31. The orthopaedic knee prosthesis of claim 28, wherein wherein the lateral condyle surface (i) contacts the lateral bearing surface at a first contact point on the lateral condyle surface at a fourth degree of flexion, the fourth degree of flexion being less than about 30 degrees, (ii) contacts the lateral bearing surface at a second contact point on the lateral condyle surface at a fifth degree of flexion, the fifth degree of flexion being in the range of 45 degrees to 90 degrees, (iii) contacts the lateral bearing surface at a third contact point on the lateral condyle surface at a sixth degree of flexion, the sixth degree of flexion being greater than the fifth degree of flexion, and (iv) contacts the lateral bearing surface at a plurality of contact points between the first contact point and the second contact point when the femoral component is moved from the fourth degree of flexion to the fifth degree of flexion, wherein each contact point of the plurality of contact points between the first contact point and the second contact point of the lateral condyle surface is defined by a ray extending from a common origin to the respective contact point of the plurality of contact points, each ray having a length defined by the following equation:

Description:

Cross-reference is made to U.S. Utility patent application Ser. No. ______, entitled “Posterior Stabilized Orthopaedic Knee Prosthesis Having Controlled Condylar Curvature” by Joseph G. Wyss, which was filed on Jun. 30, 2008; to U.S. Utility patent application Ser. No. ______ entitled “Orthopaedic Femoral Component Having Controlled Condylar Curvature” by John L. Williams, which was filed on Jun. 30, 2008; to U.S. Utility patent application Ser. No. ______ entitled “Posterior Stabilized Orthopaedic Prosthesis” by Joseph G. Wyss, which was filed on Jun. 30, 2008; and to U.S. Provisional patent application Ser. No. ______ entitled “Orthopaedic Knee Prosthesis Having Controlled Condylar Curvature” by Joseph G. Wyss, which was filed on Jun. 30, 2008; the entirety of each of which is incorporated herein by reference.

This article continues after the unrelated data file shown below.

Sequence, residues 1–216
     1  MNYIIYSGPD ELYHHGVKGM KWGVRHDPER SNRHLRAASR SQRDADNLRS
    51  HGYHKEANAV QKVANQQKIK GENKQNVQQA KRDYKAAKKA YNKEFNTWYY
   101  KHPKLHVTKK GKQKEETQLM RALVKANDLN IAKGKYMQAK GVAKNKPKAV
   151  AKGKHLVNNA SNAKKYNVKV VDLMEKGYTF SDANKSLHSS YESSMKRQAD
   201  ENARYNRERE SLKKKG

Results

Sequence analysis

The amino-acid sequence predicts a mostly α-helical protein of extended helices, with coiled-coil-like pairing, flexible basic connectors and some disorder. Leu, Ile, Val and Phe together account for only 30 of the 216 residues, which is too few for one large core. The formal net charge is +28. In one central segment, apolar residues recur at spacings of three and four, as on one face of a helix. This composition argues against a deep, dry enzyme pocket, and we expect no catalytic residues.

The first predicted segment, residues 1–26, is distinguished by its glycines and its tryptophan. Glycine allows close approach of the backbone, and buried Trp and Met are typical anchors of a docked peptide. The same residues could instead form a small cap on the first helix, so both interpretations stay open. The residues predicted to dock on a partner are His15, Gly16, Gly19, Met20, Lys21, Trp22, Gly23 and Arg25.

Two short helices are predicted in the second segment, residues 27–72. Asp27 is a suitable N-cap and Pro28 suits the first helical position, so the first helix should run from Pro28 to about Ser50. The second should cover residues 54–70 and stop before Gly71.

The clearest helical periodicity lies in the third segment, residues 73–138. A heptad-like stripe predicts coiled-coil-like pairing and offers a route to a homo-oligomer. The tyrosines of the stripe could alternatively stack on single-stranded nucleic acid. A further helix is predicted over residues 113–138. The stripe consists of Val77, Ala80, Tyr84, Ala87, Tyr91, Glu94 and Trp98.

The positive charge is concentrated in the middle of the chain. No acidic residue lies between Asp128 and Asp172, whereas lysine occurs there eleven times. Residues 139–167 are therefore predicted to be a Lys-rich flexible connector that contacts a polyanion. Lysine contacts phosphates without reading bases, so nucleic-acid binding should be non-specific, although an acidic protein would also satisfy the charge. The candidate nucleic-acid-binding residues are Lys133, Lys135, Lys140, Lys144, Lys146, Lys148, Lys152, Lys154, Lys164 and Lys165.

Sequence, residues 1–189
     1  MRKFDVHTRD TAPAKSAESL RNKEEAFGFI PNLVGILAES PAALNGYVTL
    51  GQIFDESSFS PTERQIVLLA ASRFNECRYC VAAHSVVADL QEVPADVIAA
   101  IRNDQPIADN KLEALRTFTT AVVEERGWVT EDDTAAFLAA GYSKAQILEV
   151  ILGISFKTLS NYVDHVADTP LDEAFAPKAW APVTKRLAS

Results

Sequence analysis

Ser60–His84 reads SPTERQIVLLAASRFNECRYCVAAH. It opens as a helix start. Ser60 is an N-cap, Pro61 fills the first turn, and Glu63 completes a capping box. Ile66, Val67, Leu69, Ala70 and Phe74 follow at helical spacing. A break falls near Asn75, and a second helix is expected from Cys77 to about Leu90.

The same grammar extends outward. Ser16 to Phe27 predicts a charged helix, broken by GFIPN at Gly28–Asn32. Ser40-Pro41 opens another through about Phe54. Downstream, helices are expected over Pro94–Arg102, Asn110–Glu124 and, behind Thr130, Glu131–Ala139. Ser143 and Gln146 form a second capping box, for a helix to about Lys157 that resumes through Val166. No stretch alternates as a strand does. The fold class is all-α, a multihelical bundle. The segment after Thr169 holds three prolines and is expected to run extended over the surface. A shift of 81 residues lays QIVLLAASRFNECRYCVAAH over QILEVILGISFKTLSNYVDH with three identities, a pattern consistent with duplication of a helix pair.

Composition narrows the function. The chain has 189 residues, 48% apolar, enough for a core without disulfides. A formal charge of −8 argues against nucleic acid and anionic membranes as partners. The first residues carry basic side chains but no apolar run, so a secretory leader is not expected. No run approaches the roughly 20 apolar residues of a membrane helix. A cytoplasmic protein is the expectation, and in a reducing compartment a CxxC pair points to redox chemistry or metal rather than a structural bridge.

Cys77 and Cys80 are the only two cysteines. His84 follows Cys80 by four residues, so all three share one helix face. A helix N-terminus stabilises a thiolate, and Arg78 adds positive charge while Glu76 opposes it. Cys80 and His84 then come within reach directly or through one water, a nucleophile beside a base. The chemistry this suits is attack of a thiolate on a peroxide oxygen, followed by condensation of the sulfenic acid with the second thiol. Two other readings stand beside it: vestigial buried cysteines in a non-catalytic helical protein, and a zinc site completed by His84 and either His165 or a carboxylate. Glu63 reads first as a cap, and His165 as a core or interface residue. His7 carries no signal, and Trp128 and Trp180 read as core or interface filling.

The present disclosure relates generally to orthopaedic prostheses, and particularly to orthopaedic prostheses for use in knee replacement surgery.